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In my game, there is this music that I use and of course before releasing anything for commercial use, I have to have a license for what I dont create for my game for example ( game engine, music, fonts and etc ) some of them are free to use even for commercial purposes.

My question is do I need license for it even though it is free for commercial use? and if there is no license for it at all, what should I do to avoid copyrights and legal issues?

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  • \$\begingroup\$ will a screenshot of the website saying that is free for commercial use do? or do I have to contact the actual creator for a license which is pretty much impossible? \$\endgroup\$ Nov 3, 2017 at 3:54
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    \$\begingroup\$ It sounds like that statement IS the licence. Again, to be sure, it would be best if you post the actual content of the statement here so we can ensure there's no miscommunication. \$\endgroup\$
    – DMGregory
    Nov 3, 2017 at 3:56
  • \$\begingroup\$ okay let me try to get it, im using my phone atm and the website is a bit weird in my phone. \$\endgroup\$ Nov 3, 2017 at 3:59
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    \$\begingroup\$ You actually don't have to have a license. Some has first call you out for using a non licensed product or under the wrong conditions like commercial use. So just make a Screenshot of everything royalty free you use or whatever. And keep that. If course can the owner later then claim that it was a rip off and Bla Bla but that is always possible with free stuff. That's why bigger studios rarely use free stuff. \$\endgroup\$ Nov 3, 2017 at 5:17

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Based on your description of "free to use even for commercial purposes", it sounds like it already has a license. In this case, one that indicates you can use it for commercial purposes. Conversely, how do you know it can be used in that manner if there wasn't a license saying so?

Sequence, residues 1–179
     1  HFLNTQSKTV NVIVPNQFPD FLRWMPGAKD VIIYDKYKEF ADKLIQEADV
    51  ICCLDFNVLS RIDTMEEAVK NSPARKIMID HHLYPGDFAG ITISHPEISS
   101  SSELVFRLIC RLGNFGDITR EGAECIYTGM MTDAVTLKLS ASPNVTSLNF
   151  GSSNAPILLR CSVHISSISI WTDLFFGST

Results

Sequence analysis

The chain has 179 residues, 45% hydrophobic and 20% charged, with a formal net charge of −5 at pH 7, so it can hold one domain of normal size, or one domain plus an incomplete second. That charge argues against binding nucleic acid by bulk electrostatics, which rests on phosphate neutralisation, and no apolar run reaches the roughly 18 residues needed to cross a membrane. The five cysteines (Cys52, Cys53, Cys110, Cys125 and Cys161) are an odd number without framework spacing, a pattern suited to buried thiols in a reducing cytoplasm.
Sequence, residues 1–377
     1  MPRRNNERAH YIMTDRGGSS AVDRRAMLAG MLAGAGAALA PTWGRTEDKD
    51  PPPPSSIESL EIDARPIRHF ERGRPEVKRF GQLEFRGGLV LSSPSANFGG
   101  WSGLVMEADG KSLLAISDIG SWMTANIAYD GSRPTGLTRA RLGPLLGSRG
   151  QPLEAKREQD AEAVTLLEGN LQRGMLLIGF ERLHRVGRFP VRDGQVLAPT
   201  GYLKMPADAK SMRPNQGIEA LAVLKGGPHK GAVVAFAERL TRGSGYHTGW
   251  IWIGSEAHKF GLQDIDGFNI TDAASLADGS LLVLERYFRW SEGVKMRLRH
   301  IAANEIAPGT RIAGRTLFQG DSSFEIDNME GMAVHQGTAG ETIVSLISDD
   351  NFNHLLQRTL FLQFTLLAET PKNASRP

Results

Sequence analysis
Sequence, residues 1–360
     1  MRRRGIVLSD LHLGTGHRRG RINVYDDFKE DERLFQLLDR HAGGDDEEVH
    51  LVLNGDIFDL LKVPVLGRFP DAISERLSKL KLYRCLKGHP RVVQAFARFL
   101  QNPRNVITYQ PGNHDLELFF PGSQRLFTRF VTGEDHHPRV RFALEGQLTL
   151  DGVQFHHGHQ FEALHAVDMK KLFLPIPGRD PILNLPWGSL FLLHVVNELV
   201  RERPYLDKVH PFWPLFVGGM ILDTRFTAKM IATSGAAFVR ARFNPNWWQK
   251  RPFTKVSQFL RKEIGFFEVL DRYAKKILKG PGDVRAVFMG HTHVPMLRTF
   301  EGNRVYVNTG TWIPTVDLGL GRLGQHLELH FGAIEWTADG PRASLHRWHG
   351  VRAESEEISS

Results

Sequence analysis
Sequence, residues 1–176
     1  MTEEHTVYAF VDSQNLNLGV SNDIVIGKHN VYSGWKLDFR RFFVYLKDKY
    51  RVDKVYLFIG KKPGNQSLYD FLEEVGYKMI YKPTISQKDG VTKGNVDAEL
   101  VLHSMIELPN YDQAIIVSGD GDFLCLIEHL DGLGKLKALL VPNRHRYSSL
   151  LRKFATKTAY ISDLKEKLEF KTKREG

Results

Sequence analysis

Most licenses I'm familiar with persist in the sense that they apply to the work in question after you've used. For instance, if it's already free for commercial use, it typically stays that way - your use can't restrict others from using it. Furthermore, many licenses include some language indicating that they must explicitly accompany the work. So if you're using a piece of music with a free for commercial use license, you often must include a copy of the license either directly in the game (as a start up splash screen or an always accessible credits screen) &/or as an accompanying text file.

However, situations & licenses vary, so as indicated in the comments, you should need to post the actual terms of use for the asset in question to ensure we're talking about the same thing.

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You definitely need a license along with the music. Unless it is explicitly public domain, you still need to keep whatever licensing they had on it. If there is no license for it, contact the creator of the song (or asset) about their work and they will normally tell you the copyright license they have on it and whether or not you can use it.

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